A career built from the heart
At a hospital on Chicago’s Northside, Jason Robin (BS, ‘98, biology) is the director of cardio oncology, managing the full spectrum of cardiovascular disease.
Current occupation: Cardiologist, director of cardio oncology at NorthShore University Health System. I am a Clinical Associate Professor of Medicine at the University of Chicago Pritzker School of Medicine and I also have a teaching position at Northwestern University Feinberg School of Medicine.
Family: Wife Jamie and three children: Charlie (15), Ryder (14), and Liza (11)
Briefly describe a typical workday at your current position.
What I love about my job and what makes it interesting is that every day is different. Some days I am in the office seeing 15-20 patients with a wide range of cardiac conditions such as arrhythmias, coronary disease, or congestive heart failure. In between seeing patients, I am overseeing stress tests. Other days, I am in the hospital throughout the day seeing patients who have acute illnesses such a decompensated heart failure, myocardial infarctions (heart attacks), or life-threatening rhythm disorders of the heart. Then, there are my procedural days where I get to play in the cath lab or operating rooms, working with my colleagues putting in new valves or other devices in the heart. Some days I get to put on my headphones, listen to music, and read echocardiograms and nuclear stress rests. Regardless of the day, I have the opportunity to teach residents and fellows who are training to be cardiologists, which is a lot of fun.
What was your first job out of college?
Well, I did wait tables at a bar in the gold coast of Chicago during the summer between my first and second year of medical school. After that summer, there is really not time for a job. It is studying and learning how to take care of patients. I would say that my first real job wasn’t until I completed medical school and started my residency. The residency director at Northwestern was Diane Wayne, MD. I suppose she was my first real boss after college. Those paychecks were fairly light, as they are for all residents, but they allowed me to keep a roof over my head and have a few beers on the weekend while watching the Illini. My training lasted seven years after medical school. Three years as an Internal Medicine resident, one year as a chief medical resident, and three years as a cardiology fellow.
Please describe your career path from college graduation to your current job.
Four years of medical school at Rush Medical College followed by seven years of residency and fellowship training at Northwestern University Feinberg School of Medicine. After my training, I began working for a private practice cardiology group in the North Shore of Chicago named Cardiovascular Associates of Glenbrook and Evanston. The managing partner of the group, Irwin Silverman, MD, was a U of I graduate in 1970. As a group we remained in private practice until 2013. At that time, we were purchased by NorthShore University Health system, and I have been working for NorthShore since. I manage the entire spectrum of cardiovascular disease, but a couple of my niches include sports cardiology, structural heart disease, and cardio oncology for which I am the director of at NorthShore.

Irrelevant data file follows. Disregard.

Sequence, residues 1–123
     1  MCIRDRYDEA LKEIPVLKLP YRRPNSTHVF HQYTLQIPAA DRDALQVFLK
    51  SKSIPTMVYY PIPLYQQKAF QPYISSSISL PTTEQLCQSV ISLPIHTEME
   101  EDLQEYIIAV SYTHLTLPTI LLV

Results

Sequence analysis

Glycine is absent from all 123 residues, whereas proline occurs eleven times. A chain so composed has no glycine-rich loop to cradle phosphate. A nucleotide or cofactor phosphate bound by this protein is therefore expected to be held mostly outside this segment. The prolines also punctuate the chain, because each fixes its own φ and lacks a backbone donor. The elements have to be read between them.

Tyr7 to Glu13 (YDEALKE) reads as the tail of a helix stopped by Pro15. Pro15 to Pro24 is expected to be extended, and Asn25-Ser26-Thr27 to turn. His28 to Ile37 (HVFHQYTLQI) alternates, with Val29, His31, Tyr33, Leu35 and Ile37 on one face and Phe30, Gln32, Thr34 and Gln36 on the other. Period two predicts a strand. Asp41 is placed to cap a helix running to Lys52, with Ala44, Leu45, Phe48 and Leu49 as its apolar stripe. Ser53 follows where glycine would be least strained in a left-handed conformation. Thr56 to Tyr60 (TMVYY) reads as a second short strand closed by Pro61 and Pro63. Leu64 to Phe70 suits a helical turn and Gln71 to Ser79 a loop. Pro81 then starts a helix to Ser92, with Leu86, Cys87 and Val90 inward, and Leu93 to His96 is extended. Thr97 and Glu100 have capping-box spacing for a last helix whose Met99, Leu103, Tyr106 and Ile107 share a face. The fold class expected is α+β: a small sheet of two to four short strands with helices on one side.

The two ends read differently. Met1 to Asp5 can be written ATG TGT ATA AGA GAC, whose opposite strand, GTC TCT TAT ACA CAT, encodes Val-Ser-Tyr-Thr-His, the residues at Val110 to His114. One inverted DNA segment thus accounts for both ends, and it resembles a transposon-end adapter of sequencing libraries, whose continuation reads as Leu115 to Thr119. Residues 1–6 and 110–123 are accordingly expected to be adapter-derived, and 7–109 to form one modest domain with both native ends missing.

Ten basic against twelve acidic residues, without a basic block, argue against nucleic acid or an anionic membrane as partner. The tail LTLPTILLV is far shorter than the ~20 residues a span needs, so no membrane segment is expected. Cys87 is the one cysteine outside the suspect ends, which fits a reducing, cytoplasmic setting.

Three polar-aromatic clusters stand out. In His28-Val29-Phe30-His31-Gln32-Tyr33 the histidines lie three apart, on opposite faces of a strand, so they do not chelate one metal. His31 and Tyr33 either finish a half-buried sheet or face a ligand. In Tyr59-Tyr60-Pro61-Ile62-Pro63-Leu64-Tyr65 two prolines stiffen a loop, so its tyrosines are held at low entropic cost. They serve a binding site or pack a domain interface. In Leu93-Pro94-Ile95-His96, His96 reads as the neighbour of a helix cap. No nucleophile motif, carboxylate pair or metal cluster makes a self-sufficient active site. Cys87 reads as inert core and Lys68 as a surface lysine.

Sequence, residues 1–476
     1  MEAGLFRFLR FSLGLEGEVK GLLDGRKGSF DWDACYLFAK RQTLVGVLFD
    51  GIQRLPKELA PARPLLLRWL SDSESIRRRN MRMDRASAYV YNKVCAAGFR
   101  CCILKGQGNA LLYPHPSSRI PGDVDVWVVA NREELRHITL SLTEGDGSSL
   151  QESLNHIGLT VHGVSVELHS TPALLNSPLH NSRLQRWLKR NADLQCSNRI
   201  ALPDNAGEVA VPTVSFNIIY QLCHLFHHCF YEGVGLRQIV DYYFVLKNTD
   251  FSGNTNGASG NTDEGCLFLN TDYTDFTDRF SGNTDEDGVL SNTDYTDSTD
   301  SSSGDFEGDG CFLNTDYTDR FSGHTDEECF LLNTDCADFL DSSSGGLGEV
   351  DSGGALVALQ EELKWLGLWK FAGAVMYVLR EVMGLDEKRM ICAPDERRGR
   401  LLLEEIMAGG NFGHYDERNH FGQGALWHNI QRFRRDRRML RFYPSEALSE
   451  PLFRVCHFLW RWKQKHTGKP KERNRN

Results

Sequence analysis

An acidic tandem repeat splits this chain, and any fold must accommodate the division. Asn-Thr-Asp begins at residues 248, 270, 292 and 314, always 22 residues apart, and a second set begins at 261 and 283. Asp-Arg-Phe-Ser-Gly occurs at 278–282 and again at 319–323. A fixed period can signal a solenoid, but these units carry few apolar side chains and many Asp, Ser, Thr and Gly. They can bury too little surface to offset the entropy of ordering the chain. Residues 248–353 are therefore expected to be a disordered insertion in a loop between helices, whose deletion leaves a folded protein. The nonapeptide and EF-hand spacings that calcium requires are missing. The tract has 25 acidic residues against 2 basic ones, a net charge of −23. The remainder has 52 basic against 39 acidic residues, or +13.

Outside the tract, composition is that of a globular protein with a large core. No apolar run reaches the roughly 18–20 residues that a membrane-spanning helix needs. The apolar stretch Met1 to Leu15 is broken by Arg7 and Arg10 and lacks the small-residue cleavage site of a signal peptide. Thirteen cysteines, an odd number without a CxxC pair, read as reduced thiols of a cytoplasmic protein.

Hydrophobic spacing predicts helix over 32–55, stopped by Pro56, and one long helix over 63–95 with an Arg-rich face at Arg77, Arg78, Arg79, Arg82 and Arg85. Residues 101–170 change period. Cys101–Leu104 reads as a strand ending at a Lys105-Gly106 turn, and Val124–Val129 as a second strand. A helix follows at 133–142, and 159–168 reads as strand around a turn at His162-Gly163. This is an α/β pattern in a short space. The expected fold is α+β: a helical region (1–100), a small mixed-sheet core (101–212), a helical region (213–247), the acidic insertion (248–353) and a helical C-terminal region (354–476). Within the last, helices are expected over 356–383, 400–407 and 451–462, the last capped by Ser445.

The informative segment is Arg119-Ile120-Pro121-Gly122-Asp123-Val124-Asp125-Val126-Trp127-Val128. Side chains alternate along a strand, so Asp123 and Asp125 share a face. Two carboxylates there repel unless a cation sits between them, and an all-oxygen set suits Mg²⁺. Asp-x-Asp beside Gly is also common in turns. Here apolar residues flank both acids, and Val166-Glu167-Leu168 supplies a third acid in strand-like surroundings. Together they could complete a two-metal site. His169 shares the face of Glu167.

In hindsight, what about college best prepared you for your life and career?
U of I was an awesome place for those four years. I loved the diversity of the campus. Every day you could meet somebody new who came from a very different background as me. This diversity certainly prepared me to work with colleagues and take care of patients from all different backgrounds. The “pre-med” curriculum was tough, but I can tell you that through medical school, residency, and fellowship, those with U of I backgrounds were some of the best students and physicians I have encountered. The rigor of the classes helped prepare me immensely for the next 11 years of training.
How did your major prepare you for your career?
I think that always thinking a couple of steps ahead helped. For example, I had visions of being a cardiologist as an undergraduate. This made me really learn physics and physiology well, two disciplines that I still use on a daily basis. I think that talking to those who are 5 or 10 years ahead of you is a great way to help create your path and make sure you are the best candidate at each stage of the game.
What do you like best about your work?
I love the art of taking a history, putting my stethoscope on a patient’s chest, using the newest technology to make a diagnosis, and then treating a patient and restoring their quality of life. I also love that the science evolves every day. I still love to read and learn, and medicine has allowed me to be able to do this.
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